For the mathematician customer, who delights in the world of numbers, applying a numerical sequence, such as the Fibonacci or Lucas, to syllabics made immediate sense. This is because for such a mathematician numbers are a felt presence. Because numbers are a felt presence, and in some sense inherently esthetically attractive, it makes intuitive sense to use those numbers, and numerical sequences, for poetic purposes. For the therapist, poetry has become completely subjective and functions as a vehicle for self-expression. From this perspective using a specific numerical sequence, such as the Fibonacci or Lucas, subverts the therapeutic purpose because the adoption of such a sequence is not, from a therapeutic point of view, an example of self-expression; the sequence comes from ‘outside’. This affirms what I have suspected for some years; namely that the therapeutic point of view is subversive of formal poetry in general.
The final conversation regarding Fibonacci happened just a few days ago; also at the store. The store uses window washers who come to the store once a month. They are a couple. They wash most of the store windows on Main Street. Usually the husband is the one who washes our windows. As they have been washing our windows for over ten years I have got to know them over time. At one point, about six years ago, I had to attend traffic school and she was also a member of the class; we got to commiserate with each other about how unfair it all was; but we also whispered funny, snarky, asides to each other during class.
In other words, I have grown fond of both of them over the years. This month I gave him a copy of ‘Safe Harbor’ after he washed the windows. A few days after receiving it he dropped by to tell me how he and his wife were reading the poems to each other and enjoying them. He mentioned specifically liking the Fibonacci group of poems. I, of course, liked getting this kind of feedback. I also liked that they specifically enjoyed the Fibonacci poems; not because they know about numerical sequences, but just because they liked the shape and the subject matter. This was not a geek’s response, just the response of someone enjoying the poems as written. And it was not a therapeutic response either; at least not in the sense that they were concerned about poetry as self-expression.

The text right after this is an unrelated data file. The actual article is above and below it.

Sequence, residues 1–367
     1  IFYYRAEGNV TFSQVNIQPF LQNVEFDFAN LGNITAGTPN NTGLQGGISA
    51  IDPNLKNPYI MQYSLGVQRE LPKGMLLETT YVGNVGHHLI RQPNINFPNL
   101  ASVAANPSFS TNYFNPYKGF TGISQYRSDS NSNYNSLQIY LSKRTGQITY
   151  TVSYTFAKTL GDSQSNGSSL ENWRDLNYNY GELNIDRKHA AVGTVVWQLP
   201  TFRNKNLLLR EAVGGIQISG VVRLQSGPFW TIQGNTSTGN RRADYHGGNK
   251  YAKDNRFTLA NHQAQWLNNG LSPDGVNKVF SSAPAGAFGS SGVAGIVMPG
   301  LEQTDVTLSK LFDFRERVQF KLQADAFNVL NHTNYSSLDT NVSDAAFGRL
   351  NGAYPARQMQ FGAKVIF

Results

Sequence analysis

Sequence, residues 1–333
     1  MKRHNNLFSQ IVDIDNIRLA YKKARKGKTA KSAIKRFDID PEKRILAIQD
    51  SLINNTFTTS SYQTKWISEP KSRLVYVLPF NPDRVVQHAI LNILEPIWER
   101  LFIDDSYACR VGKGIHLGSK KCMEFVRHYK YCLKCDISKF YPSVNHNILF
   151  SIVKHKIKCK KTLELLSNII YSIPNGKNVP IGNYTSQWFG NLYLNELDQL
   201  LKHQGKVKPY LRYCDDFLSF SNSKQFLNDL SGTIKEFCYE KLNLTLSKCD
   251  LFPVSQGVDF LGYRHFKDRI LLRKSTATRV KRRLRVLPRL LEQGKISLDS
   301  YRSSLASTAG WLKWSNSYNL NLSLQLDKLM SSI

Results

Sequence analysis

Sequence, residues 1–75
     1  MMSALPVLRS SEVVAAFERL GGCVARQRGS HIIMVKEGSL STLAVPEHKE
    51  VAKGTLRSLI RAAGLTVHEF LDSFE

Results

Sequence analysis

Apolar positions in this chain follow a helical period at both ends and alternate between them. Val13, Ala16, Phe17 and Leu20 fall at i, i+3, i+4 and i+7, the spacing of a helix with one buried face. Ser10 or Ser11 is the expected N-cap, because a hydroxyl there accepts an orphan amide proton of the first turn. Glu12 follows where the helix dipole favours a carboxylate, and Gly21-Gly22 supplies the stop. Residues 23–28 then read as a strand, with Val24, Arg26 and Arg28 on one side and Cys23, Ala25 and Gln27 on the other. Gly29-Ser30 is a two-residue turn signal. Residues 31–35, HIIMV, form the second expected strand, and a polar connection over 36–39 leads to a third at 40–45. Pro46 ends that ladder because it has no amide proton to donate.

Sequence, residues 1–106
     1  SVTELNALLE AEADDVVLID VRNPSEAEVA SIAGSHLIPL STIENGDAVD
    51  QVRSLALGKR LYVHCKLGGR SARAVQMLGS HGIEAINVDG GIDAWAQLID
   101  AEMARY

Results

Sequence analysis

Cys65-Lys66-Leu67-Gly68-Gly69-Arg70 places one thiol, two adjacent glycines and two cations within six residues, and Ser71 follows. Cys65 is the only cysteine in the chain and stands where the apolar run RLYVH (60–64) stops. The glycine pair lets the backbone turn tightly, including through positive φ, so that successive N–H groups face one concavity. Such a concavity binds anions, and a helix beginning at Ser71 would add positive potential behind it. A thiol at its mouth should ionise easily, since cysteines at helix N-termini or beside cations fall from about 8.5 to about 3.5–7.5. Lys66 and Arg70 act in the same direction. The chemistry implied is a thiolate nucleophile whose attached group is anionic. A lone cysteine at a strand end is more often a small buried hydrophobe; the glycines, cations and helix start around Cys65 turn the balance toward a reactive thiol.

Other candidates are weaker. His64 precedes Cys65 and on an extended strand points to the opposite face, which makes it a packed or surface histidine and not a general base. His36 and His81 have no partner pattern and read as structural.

My own view, as often stated here, is that syllabic poetry is a craft; like pottery or baking or carpentry. Composing a Fibonacci poem resembles a potter deciding to make a cup. A cup has, broadly speaking, a form. If a potter decides to make a cup, that decision functions to determine a large number of decisions for the potter. Similarly, a syllabic poet crafting a poem in accordance with an objective form (a form whose parameters, or shape, are exterior to any specific poet) will yield to the shape of that form. If a syllabic poet decides to compose a Fibonacci certain consequences follow, such as the opening very short lines. Just as the potter accepts the limitations of what it means to shape a cup, the syllabic poet accepts the limitations of the Fibonacci (or other syllabic form).
The potter makes a cup and, hopefully, someone will be attracted to its craftsmanship and then use the cup at home, or the office, to drink from. The syllabic poet makes a poem of a specific shape and, hopefully, others will find it attractive and enjoy reading it. This is, I think, what keeps the syllabic poet engaged with form.